Often, I have to repeat this prayer until God changes my heart. When he does, he usually helps me see the wounds of the person who has hurt me — wounds that do not diminish, justify, or excuse the offense, but that do soften my attitude toward the person.
Once I am engaged in wanting to forgive, I begin the process of forgiveness by naming what has happened and all the negative repercussions from the person’s actions and words. I include everything. What I’ve lost. What’s been hard. How it’s made me feel. I want to know what I’m letting go of before I forgive so I can move forward, knowing I have counted the cost.
For most offenses, forgiveness is both an initial decision to let go of bitterness as well as a long, ongoing process. When offenses come to mind and painful memories resurface, I must intentionally stop rehearsing them and ask the Lord to help me release those thoughts and practice forgiveness.
Why Forgiveness Is Vital to Joy
For years I didn’t realize the importance of forgiveness and somehow assumed it was optional; now I see it as a command. “As the Lord has forgiven you,” Colossians 3:13 says, “so you also must forgive.”
So to truly forgive those who have wronged us, we must first receive God’s forgiveness, acknowledging our need before him, which empowers us to forgive others. Christian forgiveness is vertical before it is horizontal. Throughout Scripture, our Lord intertwines his forgiveness of us with our forgiveness of others (Matthew 6:14–15). And like all of his commands, it is always for our good.
Forgiving those who have hurt us sets us free. It keeps bitterness from taking root, bitterness that would defile us and everyone around us (Ephesians 4:31). When we cling to resentment, we unknowingly give our offender ongoing power over our hearts, which keeps us enslaved to our anger. This prison we have created pulls us away from our Lord because we cannot hold on to bitterness and hold on to God.
Correspondingly, forgiving those who have wronged us releases the hold of bitterness on us. God, who has forgiven our enormous debt, gives us the power to forgive others. It is his power, not ours. This is the miracle of Christian forgiveness: when we forgive, Christ does something profound in us and for us. Those wounds inflicted by others firmly graft us into Christ, the vine, and his life flows all the more powerfully through us. The process unleashes God’s power in our lives in an unparalleled way, making forgiveness one of the most life-changing steps we ever take.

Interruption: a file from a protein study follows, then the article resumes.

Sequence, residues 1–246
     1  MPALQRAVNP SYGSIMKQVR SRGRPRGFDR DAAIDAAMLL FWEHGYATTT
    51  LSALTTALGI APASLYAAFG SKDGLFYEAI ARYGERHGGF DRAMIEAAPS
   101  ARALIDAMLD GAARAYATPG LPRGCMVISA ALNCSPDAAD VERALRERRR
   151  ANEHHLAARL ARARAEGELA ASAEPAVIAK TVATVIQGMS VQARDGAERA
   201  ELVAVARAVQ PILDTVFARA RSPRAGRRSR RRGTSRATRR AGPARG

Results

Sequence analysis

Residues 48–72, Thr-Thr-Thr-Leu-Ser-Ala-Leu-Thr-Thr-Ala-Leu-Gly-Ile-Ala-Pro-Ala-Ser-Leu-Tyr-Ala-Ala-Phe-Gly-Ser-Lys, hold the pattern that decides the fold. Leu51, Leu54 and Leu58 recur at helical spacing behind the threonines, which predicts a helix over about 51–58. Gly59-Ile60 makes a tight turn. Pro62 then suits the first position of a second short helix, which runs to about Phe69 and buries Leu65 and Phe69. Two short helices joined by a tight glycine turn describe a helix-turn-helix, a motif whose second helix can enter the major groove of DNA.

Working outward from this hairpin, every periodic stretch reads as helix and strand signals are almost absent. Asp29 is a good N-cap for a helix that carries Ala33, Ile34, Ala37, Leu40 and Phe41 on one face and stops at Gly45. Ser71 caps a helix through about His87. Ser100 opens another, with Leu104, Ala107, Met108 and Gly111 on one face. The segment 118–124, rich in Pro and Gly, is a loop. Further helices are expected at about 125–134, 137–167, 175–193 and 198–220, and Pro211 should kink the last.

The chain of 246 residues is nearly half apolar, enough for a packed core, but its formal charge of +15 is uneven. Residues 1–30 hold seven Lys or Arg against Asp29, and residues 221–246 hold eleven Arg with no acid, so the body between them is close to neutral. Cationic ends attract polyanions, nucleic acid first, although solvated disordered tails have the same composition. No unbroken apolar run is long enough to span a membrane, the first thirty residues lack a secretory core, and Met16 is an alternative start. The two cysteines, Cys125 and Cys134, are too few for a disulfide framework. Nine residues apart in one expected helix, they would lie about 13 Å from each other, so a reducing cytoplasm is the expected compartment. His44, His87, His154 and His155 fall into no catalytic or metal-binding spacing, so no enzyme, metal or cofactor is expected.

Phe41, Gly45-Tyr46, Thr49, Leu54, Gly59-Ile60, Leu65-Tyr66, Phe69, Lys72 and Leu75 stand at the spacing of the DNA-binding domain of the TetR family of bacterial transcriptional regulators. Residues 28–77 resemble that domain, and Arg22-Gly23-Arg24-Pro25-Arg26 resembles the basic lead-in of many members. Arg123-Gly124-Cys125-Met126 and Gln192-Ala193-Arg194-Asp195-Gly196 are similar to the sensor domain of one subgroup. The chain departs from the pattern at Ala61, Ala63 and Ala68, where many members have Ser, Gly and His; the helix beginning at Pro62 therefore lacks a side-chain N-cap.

Forgiveness, Freedom, and Peace
Joy and sorrow often coexist, but joy and bitterness cannot. Bitterness and unforgiveness rob our lives of vitality, peace, and the refreshing joy of God’s presence.
We see the power of forgiveness and grace in the lives of Joseph (Genesis 50:15–21) and Job (Job 42:7–10), who both forgave those who wronged them. And we see the hold of unforgiveness and rage on others like Joash, who murdered the priest who disagreed with him (2 Chronicles 24:20–22), and even on Jonah, who was angry at God’s compassion (Jonah 4:1–3). Being able to forgive not only changes our present; it changes our future. When we forgive, we can begin walking in freedom and joy.
I don’t know where you are in your journey of forgiveness. Perhaps the wound for you is still fresh, and you need time to process all that’s happened. Maybe you’ve been holding on to bitterness for a long time, and God is asking you to let go. If that’s you, I encourage you to pray. To trust God. To forgive your offender. You won’t regret it.
And after you have forgiven, after you’ve been released from the prison of bitterness, you may be amazed at how quickly God begins to flood your life with the joy and peace you lost.Vaneetha Rendall Risner is the author of Walking Through Fire: A Memoir of Loss and Redemption. Vaneetha and her husband Joel live in Raleigh, NC, where she writes at her website, encouraging readers to turn to Christ in their pain.